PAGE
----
Based on a College Board Article

Colleges often ask for two or three recommendation letters from people who know you well. These letters should be written by someone who can describe your skills, accomplishments and personality.

Colleges value recommendations because they:

  • Reveal things about you that grades and test scores can’t
  • Provide personal opinions of your character
  • Show who is willing to speak on your behalf

Letters of recommendation work for you when they present you in the best possible light, showcasing your skills and abilities.

When to Ask for Recommendations

Make sure to give your references at least one month before your earliest deadline to complete and send your letters. The earlier you ask, the better. Many teachers like to write recommendations during the summer. If you apply under early decision or early action plans, you’ll definitely need to ask for recommendations by the start of your senior year or before.

Remember that some teachers will be writing whole stacks of letters, which takes time. Your teachers will do a better job on your letter if they don’t have to rush.

Whom to Ask

It’s your job to find two teachers and possibly another person who can write meaningful letters of recommendation for you, such as an employer, a coach or an adviser from an activity outside of school. Follow these steps to start the process:

  • Schools ask for letters of recommendation from an academic teacher — sometimes in a specific subject — and a school counselor. Pick two from your core classes, a STEM discipline and one from English or History.
  • Ask a me, teachers, and your family who they think would make good references.
  • Choose both of your teachers from junior year, or a current teacher who has known you for a while. Colleges want a current perspective on you, so a teacher from several years ago isn’t the best choice.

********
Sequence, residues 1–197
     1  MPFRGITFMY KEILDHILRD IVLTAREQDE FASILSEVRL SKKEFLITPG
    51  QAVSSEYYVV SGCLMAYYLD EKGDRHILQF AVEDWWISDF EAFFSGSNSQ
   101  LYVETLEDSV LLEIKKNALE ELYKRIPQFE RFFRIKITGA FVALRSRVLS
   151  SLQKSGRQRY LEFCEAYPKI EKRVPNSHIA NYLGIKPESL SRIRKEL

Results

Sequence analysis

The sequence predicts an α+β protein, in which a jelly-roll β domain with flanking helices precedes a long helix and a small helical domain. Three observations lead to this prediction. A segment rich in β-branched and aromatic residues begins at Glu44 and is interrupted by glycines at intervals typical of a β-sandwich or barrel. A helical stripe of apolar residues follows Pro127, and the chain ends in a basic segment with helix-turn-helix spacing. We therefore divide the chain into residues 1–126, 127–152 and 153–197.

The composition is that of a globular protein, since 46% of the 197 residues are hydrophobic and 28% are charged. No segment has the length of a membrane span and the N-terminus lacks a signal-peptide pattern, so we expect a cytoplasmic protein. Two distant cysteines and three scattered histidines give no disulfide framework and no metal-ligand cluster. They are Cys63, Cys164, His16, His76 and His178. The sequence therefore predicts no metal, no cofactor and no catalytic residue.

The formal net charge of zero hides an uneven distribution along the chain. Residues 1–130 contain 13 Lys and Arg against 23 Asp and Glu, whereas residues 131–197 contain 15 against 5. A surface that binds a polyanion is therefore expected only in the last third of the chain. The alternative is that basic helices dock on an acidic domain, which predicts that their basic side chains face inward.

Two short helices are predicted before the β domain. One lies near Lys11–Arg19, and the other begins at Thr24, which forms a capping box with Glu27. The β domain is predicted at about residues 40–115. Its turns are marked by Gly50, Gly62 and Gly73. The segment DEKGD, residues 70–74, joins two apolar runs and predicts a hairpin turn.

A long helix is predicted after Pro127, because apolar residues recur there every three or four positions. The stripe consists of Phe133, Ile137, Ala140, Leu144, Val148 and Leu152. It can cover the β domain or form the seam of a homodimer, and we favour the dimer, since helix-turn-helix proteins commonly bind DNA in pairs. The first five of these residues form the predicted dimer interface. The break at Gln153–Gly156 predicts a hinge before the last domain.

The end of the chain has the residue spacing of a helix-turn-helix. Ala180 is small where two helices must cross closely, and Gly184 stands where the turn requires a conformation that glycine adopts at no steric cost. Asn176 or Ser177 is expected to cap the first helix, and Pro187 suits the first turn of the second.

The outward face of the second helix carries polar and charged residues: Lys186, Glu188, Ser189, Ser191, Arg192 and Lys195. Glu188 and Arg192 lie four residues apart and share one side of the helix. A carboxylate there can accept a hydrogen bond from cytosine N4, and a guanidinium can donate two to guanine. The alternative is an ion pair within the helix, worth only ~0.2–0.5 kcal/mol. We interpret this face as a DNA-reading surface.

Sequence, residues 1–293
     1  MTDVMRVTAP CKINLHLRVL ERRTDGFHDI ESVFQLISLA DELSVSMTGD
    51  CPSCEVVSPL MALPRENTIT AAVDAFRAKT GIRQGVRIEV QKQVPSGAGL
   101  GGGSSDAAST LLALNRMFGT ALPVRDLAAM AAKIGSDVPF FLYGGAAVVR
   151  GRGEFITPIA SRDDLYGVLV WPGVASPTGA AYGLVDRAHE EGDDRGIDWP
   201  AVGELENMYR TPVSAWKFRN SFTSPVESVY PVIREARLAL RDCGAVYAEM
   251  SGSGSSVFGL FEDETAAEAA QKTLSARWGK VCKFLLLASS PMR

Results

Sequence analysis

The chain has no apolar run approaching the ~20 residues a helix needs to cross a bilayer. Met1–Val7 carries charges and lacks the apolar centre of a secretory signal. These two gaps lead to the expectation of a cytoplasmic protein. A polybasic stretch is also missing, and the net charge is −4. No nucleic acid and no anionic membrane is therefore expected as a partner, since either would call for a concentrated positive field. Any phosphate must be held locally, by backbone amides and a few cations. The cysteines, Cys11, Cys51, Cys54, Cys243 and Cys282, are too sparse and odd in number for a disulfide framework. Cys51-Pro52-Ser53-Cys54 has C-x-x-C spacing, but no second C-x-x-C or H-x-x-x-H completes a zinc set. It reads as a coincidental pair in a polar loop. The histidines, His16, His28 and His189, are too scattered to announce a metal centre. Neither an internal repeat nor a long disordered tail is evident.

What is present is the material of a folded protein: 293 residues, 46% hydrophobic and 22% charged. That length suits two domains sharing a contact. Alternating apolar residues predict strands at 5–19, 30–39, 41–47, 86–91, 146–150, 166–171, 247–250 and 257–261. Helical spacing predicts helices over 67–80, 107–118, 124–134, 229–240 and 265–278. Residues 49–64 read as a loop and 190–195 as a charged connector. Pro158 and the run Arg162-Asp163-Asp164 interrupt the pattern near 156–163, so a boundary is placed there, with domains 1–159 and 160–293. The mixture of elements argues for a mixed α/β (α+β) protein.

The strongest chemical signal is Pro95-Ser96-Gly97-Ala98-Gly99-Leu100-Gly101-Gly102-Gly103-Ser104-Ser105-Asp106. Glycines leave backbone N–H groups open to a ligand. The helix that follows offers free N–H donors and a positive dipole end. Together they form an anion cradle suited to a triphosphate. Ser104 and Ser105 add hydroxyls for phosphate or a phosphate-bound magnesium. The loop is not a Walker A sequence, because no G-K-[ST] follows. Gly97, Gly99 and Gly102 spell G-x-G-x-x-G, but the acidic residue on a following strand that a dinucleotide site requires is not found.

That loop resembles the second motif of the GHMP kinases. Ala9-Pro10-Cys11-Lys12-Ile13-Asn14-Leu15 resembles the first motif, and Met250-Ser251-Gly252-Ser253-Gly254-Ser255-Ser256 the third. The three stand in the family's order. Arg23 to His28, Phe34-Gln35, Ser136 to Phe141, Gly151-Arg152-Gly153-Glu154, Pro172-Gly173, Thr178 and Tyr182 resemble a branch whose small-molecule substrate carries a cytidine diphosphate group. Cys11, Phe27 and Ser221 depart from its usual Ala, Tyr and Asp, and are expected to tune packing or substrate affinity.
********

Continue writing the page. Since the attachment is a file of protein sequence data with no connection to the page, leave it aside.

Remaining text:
• Consider asking a teacher who teaches a core subject and also knows you outside the classroom. For example, a teacher who directed you in a play or advised your debate club can make a great reference.
  • Consider other adults — such as an employer, a coach or an adviser from an activity outside of school — who have a good understanding of you and your strengths.
  • Perhaps most important, pick someone who writes well and will be enthusiastic about writing the letter for you.
  • If you’re unsure about asking someone in particular, politely ask if he or she feels comfortable recommending you. That’s a good way to avoid weak letters.

Your teachers will do a better job on your letter if they don’t have to rush.

How to Get the Best College Recommendations

Some teachers write many recommendation letters each year. Even if they know you well, it’s a good idea to give them supplemental information, which we will prepare, and you will send them this summer. We will make it easy for them to give positive, detailed information about your achievements and your potential by refreshing their memory.

This summer you will need to send them an e-mail:

  • Reminding them about your class participation.
  • Mentioning specific work or projects you’re proud of.
  • Telling them what you learned in class.
  • Mentioning any challenges you overcame.
  • Giving them the information they need to provide specific examples of your work.

I will also have you meet with your guidance counselor over the summer if possible. Later in the summer you will need to:

  • Make an appointment ahead of time.
  • Talk about your accomplishments, hobbies and plans for college and the future.
  • If you need to discuss part of your transcript — low grades during your sophomore year, for example — do so. Explain why you had difficulty and discuss how you’ve changed and improved since then.

We will also send teachers, and another reference, your resume that briefly outlines your activities, both in and outside the classroom, and your goals.

Final Tips for College Recommendations

The following advice is easy to follow and can really pay off:

  • Waive your right to view recommendation letters on your application forms. Admission officers will trust them more if you haven’t seen them.
  • If your school does not use Naviance, give your references addressed and stamped envelopes for each college that requested a recommendation. If they do then it will all be done electronically.
  • Make sure your references know the deadlines for the early colleges that you apply to so they make the deadlines.
  • Follow up with your references a week or so before recommendations are due to make sure your letters have been entered into Naviance or sent.
  • Once you’ve decided which college to attend, write thank-you notes. Tell your references where you’re going and let them know how much you appreciate their support.


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